More than 50% of the world’s largest lakes are losing water, according to new research published in the journal Science. The main culprits for this are warming, unsustainable human consumption and sedimentation.

Researchers from the CIRES Institute at the University of Colorado at Boulder, Kansas State University, the University of Toulouse in France, and the KAUST University of Science and Technology in Saudi Arabia created a technique to measure water level changes in nearly 2,000 of the world’s largest lakes, natural and man-made, which account for 95% of the Earth’s total lake water storage.

Among them, they also studied Greek ones, in which they detect a drying tendency: the Prespesits artificial lake Polyphytou and the artificial lake of Hanging.

The team combined three decades of observations from an array of satellites with models to quantify trends in lake water storage globally. It used 250,000 snapshots of 1,972 of Earth’s largest lakes, captured by satellites between 1992 and 2020. They also collected measurements of water levels from nine satellite altimeters and studied these measurements over time to reduce any uncertainty.

For lakes without long-term water level records, they used recent water measurements taken by satellites. Combining recent water level measurements with longer-term measurements of their area has allowed scientists to reconstruct the volume of the lakes decades ago.

According to the results, 53% of the world’s lakes, in both dry and wet regions, showed a decrease in their volume. The researchers liken this decline to the size of 17 Lake Mead, which is the largest man-made lake in the United States. Losses in wet tropical lakes and Arctic lakes suggest more widespread drying trends than previously realized. In artificial lakes this reduction is greater: almost two-thirds of them worldwide have experienced significant water losses.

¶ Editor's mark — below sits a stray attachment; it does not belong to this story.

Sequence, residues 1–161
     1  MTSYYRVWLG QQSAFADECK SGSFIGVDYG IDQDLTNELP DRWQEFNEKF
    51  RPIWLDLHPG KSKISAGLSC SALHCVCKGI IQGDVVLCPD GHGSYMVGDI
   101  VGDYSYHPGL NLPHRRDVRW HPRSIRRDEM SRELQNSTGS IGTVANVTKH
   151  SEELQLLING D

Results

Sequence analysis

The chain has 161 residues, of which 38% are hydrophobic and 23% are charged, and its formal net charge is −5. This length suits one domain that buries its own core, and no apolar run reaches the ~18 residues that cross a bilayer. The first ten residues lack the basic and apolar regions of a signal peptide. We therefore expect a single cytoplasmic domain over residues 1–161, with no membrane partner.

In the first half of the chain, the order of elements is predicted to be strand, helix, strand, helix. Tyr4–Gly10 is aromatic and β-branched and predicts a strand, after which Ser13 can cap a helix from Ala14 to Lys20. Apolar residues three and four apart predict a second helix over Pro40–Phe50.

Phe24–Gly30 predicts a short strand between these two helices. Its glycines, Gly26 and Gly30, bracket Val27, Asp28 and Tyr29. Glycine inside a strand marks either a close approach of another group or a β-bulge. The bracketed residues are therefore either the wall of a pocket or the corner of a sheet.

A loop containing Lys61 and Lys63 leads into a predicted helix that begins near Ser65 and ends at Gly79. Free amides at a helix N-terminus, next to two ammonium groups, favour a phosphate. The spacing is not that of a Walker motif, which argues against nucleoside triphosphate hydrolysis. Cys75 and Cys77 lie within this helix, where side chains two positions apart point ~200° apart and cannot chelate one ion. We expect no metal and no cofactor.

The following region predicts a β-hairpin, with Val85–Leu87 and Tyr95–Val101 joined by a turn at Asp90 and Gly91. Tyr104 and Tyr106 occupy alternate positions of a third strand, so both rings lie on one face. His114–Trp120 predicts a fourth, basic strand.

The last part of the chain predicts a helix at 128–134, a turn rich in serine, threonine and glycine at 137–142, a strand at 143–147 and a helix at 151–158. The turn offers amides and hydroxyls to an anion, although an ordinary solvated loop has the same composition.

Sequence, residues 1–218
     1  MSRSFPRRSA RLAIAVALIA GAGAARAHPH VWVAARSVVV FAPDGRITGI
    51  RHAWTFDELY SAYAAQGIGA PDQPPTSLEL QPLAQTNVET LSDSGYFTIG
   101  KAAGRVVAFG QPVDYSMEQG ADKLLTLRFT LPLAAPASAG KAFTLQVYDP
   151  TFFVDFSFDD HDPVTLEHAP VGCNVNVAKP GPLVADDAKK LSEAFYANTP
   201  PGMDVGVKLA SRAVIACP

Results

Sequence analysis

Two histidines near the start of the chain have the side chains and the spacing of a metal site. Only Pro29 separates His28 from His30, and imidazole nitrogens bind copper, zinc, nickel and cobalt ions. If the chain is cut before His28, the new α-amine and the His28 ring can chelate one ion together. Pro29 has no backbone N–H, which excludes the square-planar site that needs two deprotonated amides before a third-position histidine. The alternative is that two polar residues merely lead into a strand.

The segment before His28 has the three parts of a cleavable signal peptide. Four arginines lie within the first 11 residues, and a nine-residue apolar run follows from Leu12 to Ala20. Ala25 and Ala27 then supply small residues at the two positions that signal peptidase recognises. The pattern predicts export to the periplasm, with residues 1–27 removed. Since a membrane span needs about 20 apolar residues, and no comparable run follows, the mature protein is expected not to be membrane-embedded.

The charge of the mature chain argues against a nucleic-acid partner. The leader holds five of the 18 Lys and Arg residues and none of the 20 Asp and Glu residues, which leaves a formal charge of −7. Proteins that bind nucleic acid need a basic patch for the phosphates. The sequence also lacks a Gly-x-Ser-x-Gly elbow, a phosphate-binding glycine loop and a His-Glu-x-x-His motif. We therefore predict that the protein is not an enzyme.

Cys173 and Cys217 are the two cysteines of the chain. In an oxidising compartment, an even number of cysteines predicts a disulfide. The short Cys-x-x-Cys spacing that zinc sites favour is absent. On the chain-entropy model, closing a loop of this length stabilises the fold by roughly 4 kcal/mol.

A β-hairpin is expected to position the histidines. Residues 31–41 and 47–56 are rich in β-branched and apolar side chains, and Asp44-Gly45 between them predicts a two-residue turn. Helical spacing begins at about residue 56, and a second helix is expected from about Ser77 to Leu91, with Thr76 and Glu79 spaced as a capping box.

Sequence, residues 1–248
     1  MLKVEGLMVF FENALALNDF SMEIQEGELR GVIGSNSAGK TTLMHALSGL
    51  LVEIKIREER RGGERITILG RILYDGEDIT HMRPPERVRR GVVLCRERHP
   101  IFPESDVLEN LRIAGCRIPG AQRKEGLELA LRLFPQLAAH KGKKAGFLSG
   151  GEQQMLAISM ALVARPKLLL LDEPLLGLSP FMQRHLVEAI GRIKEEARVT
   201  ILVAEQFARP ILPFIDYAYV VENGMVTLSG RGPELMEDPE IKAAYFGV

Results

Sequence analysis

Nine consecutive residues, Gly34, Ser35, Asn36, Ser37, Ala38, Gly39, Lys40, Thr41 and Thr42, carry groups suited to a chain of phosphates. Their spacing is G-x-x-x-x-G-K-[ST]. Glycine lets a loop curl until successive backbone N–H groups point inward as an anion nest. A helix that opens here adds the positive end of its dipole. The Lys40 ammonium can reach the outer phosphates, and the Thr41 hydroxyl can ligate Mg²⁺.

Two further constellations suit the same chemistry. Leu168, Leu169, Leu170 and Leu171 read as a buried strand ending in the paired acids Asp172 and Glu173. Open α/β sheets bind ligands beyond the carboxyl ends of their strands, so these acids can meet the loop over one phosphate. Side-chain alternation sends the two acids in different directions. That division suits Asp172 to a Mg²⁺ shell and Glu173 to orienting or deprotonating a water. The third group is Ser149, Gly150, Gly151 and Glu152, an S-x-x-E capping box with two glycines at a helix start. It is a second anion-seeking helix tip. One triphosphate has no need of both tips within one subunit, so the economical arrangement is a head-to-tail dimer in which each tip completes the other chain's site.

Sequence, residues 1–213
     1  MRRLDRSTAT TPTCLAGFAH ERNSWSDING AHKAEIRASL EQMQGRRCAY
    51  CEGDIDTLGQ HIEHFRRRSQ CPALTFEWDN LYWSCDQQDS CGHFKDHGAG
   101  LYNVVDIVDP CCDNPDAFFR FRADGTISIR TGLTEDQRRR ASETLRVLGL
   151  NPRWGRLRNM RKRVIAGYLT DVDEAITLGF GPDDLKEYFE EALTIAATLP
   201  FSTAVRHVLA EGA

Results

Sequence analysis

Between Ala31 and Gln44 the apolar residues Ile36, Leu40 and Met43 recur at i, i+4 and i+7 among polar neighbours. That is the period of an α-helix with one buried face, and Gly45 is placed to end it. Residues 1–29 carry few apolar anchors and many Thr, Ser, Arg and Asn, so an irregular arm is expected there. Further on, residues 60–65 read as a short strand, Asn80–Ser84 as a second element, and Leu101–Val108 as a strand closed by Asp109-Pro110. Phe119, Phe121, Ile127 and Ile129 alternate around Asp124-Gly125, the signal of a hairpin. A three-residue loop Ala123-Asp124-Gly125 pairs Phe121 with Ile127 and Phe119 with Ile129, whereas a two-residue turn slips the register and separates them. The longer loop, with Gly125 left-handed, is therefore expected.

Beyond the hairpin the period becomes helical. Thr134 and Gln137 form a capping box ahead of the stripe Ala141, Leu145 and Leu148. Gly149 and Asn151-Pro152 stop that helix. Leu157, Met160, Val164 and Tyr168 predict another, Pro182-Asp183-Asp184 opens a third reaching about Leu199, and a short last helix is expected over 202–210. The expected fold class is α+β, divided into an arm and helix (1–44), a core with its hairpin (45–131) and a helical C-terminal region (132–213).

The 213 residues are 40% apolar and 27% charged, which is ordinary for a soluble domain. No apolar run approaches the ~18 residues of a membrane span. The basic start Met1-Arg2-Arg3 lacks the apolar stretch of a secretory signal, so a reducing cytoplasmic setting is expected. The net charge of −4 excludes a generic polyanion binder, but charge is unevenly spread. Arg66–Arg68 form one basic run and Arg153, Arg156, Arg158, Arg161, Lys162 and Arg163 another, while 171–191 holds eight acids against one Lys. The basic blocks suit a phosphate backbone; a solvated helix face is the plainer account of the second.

Globally, lakes store 87% of the planet’s water, which makes them a valuable resource for the Earth’s ecosystem. Unlike rivers, the researchers note, lakes are not adequately monitored, although they provide water for a large portion of humanity. In fact, they estimate that about a quarter of the world’s population, i.e. two billion people, live in the basin of a drying lake, which indicates the need for changes in the sustainable management of water resources.

However, while the majority of lakes shrank, 24% saw a significant increase in water storage, mainly in sparsely populated areas in the interior of the Tibetan Plateau, the northernmost Great Plains in North America, and areas with newer man-made lakes such as basins. of the Yangtze River in China, the Mekong in Southeast Asia and the Nile.

Lead author Fangfang Yao, a fellow at the CIRES Institute and the University of Virginia, says the news is not entirely ominous. With this new method of monitoring water storage in lakes and the reasons behind it, scientists can give communities information on how they can better protect critical water sources and important regional ecosystems.

The researchers mention in their publication possible solutions to reduce the drying of the lakes and present the example of Lake Sevan in Armenia, where an increase in water storage has been observed over the past 20 years, which the scientists link to the legislation passed by the authorities of the 2000s to regulate water abstraction.